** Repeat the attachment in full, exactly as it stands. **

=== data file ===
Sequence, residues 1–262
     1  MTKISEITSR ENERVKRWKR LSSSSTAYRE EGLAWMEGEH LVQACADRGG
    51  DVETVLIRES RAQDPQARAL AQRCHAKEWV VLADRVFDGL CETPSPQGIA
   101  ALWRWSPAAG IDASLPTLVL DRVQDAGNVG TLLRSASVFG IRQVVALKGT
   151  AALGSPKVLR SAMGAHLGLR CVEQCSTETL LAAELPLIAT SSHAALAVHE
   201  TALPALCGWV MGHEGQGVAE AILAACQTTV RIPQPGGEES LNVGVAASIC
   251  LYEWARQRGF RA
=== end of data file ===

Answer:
Sequence, residues 1–262
     1  MTKISEITSR ENERVKRWKR LSSSSTAYRE EGLAWMEGEH LVQACADRGG
    51  DVETVLIRES RAQDPQARAL AQRCHAKEWV VLADRVFDGL CETPSPQGIA
   101  ALWRWSPAAG IDASLPTLVL DRVQDAGNVG TLLRSASVFG IRQVVALKGT
   151  AALGSPKVLR SAMGAHLGLR CVEQCSTETL LAAELPLIAT SSHAALAVHE
   201  TALPALCGWV MGHEGQGVAE AILAACQTTV RIPQPGGEES LNVGVAASIC
   251  LYEWARQRGF RA